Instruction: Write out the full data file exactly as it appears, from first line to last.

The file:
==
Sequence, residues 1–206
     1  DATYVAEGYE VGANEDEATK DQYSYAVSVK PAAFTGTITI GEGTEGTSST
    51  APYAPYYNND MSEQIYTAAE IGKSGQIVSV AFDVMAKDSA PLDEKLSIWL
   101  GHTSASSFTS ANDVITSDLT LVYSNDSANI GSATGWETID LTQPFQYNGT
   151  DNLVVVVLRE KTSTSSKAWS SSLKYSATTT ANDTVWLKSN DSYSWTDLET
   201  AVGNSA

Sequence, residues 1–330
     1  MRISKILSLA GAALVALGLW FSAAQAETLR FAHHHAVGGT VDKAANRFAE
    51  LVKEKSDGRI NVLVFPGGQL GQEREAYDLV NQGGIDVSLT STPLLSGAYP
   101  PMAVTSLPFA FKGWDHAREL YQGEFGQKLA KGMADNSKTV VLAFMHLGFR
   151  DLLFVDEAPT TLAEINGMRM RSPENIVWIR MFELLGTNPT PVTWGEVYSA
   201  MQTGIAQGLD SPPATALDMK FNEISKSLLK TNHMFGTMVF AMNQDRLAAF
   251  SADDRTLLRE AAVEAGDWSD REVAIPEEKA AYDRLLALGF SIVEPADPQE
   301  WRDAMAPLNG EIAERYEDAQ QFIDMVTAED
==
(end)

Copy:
Sequence, residues 1–206
     1  DATYVAEGYE VGANEDEATK DQYSYAVSVK PAAFTGTITI GEGTEGTSST
    51  APYAPYYNND MSEQIYTAAE IGKSGQIVSV AFDVMAKDSA PLDEKLSIWL
   101  GHTSASSFTS ANDVITSDLT LVYSNDSANI GSATGWETID LTQPFQYNGT
   151  DNLVVVVLRE KTSTSSKAWS SSLKYSATTT ANDTVWLKSN DSYSWTDLET
   201  AVGNSA

Sequence, residues 1–330
     1  MRISKILSLA GAALVALGLW FSAAQAETLR FAHHHAVGGT VDKAANRFAE
    51  LVKEKSDGRI NVLVFPGGQL GQEREAYDLV NQGGIDVSLT STPLLSGAYP
   101  PMAVTSLPFA FKGWDHAREL YQGEFGQKLA KGMADNSKTV VLAFMHLGFR
   151  DLLFVDEAPT TLAEINGMRM RSPENIVWIR MFELLGTNPT PVTWGEVYSA
   201  MQTGIAQGLD SPPATALDMK FNEISKSLLK TNHMFGTMVF AMNQDRLAAF
   251  SADDRTLLRE AAVEAGDWSD REVAIPEEKA AYDRLLALGF SIVEPADPQE
   301  WRDAMAPLNG EIAERYEDAQ QFIDMVTAED